Sexual violence against men has garnered increasing publicity in recent years but still remains extremely under-researched and under-reported. This paper will examine the challenges facing male victims of sexual violence. The paper will look at the broad international framework, including definitions of sexual violence and international jurisprudence in the area as well as generally looking at how the term sexual or gender based violence has come to be associated with violence against women (webpage).
Issues guidelines on protection of male rape victims
United Nations High Commissioner for Refugees (UNHCR). October
Sexual and gender-based violence (SGBV) against men and boys has generally been mentioned as a footnote in reports. There are no detailed statistics on the number of male victims of SGBV but, the phenomenon is increasingly being recognized as a protection concern in conflict and forced displacement situations. Despite the prevailing taboo, there had been progress over the last decade in reporting of incidents.
Hope in the Shadows: Male Victims of Sexual Assault in the Democratic Republic of the Congo
Miya Cain, Harvard Kennedy School.
As a result of ongoing conflict, poverty and instability in the Democratic Republic of the Congo, Congolese men and women have been subjected to various forms of sexual violence by warring rebel militia, government forces, and noncombatants. Most humanitarian aid, money, and international attention supports female victims of sexual violence, but male victims are largely left in the shadows. Simplified narratives of gender violence often define men as villains and women as victims. This narrative aligns with traditional conceptions of gender roles; however, the oversimplification often leaves male victims overlooked by policy responses designed to address sexual violence.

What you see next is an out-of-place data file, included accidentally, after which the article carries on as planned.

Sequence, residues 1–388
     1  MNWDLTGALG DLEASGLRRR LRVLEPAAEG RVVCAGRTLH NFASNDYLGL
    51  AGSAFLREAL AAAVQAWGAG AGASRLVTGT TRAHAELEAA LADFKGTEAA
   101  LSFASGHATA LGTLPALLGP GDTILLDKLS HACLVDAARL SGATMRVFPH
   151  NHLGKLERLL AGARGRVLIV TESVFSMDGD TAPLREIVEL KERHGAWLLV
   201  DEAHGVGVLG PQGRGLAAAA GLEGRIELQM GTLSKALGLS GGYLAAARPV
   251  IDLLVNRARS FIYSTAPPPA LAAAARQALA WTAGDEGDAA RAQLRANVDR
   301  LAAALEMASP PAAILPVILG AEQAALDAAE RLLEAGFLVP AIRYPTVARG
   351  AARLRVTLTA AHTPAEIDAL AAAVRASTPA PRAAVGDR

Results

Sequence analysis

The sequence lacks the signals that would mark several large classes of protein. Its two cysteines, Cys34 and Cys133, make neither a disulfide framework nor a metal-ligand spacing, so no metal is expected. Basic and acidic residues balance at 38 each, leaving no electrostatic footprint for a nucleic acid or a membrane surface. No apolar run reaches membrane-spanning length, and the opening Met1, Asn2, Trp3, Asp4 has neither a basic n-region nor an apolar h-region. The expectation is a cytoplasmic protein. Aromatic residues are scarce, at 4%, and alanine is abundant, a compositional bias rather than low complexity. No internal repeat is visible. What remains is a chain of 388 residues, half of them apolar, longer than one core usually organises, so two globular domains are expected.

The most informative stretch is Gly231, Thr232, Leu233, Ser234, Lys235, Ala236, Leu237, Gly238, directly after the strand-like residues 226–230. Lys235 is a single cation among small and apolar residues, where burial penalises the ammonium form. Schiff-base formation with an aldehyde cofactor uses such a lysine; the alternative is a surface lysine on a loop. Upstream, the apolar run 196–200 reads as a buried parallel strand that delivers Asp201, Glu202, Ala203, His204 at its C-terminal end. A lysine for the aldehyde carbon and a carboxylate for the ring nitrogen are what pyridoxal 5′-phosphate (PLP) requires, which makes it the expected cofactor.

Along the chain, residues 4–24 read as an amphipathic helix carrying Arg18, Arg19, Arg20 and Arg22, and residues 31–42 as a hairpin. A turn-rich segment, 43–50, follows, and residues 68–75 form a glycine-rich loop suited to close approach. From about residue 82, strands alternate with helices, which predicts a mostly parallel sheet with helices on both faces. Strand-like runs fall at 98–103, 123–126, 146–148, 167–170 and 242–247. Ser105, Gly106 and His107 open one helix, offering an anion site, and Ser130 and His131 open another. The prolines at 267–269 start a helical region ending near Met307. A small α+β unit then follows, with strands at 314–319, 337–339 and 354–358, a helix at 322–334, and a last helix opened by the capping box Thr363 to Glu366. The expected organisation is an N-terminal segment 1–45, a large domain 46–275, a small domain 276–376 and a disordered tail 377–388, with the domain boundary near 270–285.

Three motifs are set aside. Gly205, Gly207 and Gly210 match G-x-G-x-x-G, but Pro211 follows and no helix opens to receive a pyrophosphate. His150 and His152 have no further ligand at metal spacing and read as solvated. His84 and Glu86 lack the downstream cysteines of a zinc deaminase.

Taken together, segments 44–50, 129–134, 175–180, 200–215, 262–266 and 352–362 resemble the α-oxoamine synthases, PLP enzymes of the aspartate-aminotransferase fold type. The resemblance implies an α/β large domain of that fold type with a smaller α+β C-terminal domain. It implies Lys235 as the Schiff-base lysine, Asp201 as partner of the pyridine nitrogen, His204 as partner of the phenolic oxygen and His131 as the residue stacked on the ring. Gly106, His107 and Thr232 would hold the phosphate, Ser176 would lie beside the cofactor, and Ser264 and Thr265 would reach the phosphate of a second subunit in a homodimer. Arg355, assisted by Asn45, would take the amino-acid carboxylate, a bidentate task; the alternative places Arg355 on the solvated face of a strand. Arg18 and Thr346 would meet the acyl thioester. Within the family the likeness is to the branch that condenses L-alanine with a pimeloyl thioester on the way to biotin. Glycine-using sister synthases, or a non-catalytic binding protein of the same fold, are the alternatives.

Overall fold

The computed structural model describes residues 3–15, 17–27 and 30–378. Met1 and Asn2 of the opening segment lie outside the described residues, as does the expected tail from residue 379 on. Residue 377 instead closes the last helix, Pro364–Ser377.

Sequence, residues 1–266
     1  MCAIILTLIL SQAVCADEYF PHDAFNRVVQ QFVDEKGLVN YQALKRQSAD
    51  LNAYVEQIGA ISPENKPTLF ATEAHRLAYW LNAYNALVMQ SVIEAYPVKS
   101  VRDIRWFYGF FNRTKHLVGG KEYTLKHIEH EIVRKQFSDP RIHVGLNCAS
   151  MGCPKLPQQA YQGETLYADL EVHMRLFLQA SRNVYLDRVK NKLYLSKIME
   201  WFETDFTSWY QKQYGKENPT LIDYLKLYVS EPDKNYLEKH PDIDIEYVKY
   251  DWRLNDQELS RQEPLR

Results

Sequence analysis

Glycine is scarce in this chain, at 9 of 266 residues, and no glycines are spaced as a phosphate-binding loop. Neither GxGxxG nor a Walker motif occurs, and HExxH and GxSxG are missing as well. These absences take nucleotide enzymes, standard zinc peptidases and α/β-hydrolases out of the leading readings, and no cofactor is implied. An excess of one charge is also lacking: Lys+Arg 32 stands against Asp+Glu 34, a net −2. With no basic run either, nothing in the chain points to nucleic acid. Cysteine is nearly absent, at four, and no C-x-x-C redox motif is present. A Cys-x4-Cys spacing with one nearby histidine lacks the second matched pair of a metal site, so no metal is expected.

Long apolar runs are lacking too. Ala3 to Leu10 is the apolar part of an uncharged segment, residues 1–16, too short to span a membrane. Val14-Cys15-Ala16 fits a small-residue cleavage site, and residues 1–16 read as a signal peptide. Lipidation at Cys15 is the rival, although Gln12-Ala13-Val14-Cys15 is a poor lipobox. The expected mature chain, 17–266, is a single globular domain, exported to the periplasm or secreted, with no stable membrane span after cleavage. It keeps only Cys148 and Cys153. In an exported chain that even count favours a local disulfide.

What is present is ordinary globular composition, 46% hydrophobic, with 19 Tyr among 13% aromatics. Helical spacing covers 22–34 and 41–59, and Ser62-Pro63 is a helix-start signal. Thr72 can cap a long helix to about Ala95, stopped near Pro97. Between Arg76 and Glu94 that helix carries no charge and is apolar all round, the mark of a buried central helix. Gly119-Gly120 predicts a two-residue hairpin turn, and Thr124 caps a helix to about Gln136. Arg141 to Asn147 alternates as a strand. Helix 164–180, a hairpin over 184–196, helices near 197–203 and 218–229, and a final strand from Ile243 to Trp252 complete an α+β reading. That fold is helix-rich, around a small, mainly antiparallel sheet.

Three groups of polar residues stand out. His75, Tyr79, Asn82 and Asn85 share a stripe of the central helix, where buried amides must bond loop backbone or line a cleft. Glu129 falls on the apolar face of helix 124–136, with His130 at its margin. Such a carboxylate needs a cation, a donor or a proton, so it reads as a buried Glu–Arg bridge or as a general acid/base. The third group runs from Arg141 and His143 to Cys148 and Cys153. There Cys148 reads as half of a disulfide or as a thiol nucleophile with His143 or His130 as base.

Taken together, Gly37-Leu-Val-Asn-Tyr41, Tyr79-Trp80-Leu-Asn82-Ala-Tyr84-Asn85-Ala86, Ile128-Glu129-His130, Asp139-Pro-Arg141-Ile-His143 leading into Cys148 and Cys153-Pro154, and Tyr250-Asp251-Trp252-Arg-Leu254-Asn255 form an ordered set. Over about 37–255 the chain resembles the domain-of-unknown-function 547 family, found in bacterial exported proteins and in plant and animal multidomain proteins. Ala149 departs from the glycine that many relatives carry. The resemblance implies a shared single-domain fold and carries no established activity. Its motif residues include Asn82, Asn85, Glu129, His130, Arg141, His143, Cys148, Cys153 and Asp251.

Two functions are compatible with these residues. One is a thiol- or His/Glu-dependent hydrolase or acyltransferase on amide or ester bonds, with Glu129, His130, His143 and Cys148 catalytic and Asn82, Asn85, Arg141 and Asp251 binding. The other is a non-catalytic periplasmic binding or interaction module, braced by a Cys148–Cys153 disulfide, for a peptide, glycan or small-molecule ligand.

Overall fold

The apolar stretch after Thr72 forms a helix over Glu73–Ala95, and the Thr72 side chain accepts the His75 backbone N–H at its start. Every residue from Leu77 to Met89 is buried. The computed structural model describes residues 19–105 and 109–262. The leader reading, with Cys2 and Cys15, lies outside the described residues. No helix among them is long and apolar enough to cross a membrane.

In some refugee groups, more than one in three men are said to have suffered sexual violence
Katie, Nguyen, Thomson Reuters Foundation. May
Sexual violence against men is one of the least told aspects of war. Yet men and boys are victims too of abuse that is frequently more effective at destroying lives and tearing communities apart than guns alone. It can take the form of anal and oral rape, genital torture, castration, gang rape, sexual slavery and the forced rape of others. It is so taboo that few survivors have the courage to tell their story. Besides feeling ashamed and afraid of being ostracised, many victims dare not challenge powerful myths about male rape in their cultures, experts say. A common belief is that a man who is raped becomes a woman.
International Human Rights Law and Sexual Violence Against Men in Conflict Zones
Tom Hennessey and Felicity Gerry, Halsbury´s Law Exchange.